Ottawa is ramping up oversight on federally backed housing mortgages, as Finance Minister Jim Flaherty tabled legislation in Parliament on Thursday that aims to put Canada's Mortgage and Housing Corp. under the oversight of a federal regulator.
The new legislation would also ask banks to shoulder some of the lending risk in Canada's red-hot real estate market.
Flaherty, who hinted at the change in the recent federal budget, said that CMHC has become a major player in the country's mortgage sector and requires stiffer control.
"I've been concerned about CMHC for some time, in this sense, it's become an important financial institution in Canada and it was not subject to the same supervision" as major financial institutions like banks, he said.
"I think this is an important step forward."
One major plank of the new plan will require CMHC to undergo a yearly "stress test," which would be similar to tests currently in place for banks. Those tests ensure that the institutions could make it through times of economic upheaval.
While CMHC was initially created to handle mortgages for public housing, it has become increasingly important because it backstops mortgages in Canada that have less than 20 per cent down payments.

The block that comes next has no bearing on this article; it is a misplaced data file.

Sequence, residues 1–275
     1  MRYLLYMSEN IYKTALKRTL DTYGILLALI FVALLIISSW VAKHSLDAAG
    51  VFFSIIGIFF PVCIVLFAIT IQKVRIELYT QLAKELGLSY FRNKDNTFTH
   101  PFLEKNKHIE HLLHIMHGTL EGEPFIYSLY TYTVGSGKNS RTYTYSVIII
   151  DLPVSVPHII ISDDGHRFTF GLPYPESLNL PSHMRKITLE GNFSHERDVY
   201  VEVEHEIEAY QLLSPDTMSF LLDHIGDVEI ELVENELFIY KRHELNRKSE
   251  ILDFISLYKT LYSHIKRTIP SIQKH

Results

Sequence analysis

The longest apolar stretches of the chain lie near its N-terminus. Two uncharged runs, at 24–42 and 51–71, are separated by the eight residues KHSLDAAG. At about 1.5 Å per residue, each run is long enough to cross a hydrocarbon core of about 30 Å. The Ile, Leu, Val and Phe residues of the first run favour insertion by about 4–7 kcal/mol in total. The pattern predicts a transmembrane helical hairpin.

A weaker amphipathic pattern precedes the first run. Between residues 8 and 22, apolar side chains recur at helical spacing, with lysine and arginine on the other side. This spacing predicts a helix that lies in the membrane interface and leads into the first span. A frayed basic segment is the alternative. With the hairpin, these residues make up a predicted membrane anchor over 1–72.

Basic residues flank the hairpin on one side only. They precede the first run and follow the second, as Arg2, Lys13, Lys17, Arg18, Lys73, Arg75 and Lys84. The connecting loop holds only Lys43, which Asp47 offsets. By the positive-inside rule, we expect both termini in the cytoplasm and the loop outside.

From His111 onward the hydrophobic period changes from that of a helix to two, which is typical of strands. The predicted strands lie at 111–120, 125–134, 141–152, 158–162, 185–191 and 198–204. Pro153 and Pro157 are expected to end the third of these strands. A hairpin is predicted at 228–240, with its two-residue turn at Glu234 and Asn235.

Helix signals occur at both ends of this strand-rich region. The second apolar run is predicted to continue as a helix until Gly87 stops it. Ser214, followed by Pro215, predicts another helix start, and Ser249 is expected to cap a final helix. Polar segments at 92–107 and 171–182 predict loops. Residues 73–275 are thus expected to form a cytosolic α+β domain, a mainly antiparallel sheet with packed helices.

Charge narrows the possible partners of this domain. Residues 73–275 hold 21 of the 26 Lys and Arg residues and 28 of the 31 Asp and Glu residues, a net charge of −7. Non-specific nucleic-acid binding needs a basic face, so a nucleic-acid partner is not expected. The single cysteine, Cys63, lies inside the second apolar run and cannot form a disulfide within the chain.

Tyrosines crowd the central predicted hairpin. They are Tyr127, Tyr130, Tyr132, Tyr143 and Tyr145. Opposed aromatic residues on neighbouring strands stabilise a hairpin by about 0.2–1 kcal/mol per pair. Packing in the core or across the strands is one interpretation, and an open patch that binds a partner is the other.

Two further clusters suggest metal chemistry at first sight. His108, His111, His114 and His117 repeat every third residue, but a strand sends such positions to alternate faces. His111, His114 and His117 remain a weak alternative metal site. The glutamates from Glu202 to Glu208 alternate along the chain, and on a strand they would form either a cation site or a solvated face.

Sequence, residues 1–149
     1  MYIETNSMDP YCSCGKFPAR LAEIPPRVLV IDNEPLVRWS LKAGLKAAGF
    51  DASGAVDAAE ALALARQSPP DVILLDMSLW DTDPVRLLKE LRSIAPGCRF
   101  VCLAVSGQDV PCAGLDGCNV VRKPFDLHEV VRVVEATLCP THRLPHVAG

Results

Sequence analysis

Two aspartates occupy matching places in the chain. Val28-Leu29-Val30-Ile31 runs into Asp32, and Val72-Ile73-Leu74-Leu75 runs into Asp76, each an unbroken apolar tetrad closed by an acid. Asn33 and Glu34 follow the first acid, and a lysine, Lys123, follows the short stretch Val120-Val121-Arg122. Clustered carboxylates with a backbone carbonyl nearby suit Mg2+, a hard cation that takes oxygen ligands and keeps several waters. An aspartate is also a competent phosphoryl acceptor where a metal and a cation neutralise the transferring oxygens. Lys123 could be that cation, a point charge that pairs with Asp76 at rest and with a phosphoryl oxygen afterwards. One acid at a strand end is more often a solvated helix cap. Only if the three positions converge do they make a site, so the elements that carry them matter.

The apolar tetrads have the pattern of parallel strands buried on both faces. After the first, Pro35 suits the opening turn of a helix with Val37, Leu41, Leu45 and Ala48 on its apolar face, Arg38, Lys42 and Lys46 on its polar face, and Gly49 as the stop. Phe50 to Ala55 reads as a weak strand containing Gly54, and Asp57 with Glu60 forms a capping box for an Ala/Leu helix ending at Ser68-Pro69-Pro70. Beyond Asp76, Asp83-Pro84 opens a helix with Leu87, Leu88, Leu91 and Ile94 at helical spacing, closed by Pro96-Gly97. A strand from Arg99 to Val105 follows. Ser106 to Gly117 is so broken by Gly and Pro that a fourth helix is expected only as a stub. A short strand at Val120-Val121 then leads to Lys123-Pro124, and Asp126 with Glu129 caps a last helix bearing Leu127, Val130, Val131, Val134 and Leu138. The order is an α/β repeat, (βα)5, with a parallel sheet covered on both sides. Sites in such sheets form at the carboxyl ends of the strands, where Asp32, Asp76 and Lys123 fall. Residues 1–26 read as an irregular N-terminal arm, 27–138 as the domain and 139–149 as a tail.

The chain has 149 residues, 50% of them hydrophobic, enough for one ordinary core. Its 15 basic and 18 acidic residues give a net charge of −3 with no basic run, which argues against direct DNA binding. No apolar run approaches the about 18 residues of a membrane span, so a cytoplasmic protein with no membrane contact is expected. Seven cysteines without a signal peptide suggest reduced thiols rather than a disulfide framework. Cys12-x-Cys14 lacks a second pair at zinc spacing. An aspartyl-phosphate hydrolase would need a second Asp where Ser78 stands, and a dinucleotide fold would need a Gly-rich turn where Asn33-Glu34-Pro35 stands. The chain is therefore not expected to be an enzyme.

The government backing on such high-leverage mortgages has taken some of the lending exposure off banks, and it was instrumental in keeping Canada's housing sector stable during the financial crisis of 2008-09, which saw foreclosures and collapse in many key U.S. markets.
However, the government guarantee on high-leveraged mortgages, in addition to years of low interest rates, has led to an influx of home ownership and housing starts that many analysts believe is unsustainable.
In turn, housing prices have become over-inflated, and Flaherty has voiced concern over hot condo markets in Toronto, Vancouver and even Montreal.
But the new legislation would put CMHC under the Office of the Superintendent of Financial Institutions, and it would be forced to undergo the same rigorous tests as the big banks.
Tsur Somerville, an analyst from the University of British Columbia, said that the heated housing market in cities like Toronto and Vancouver is the result of several key factors.
He said that capital inflow from investors and "people speculating on housing" has been driving up the prices of homes in a "very low" interest rate environment.
Recent statistics show that Toronto has more condo developments than big American centres like New York and Chicago.
Sonya Gulati, an economist from TD Bank, said that the changes are part of an overall message from the federal government that low interest rates are not sustainable.
She added that Toronto has a "condo glut," and there have been warnings that condominium units are 10-15 per cent overvalued on the retail side.
"There's concern about all of that supply and what it's going to mean for demand going forward," she said.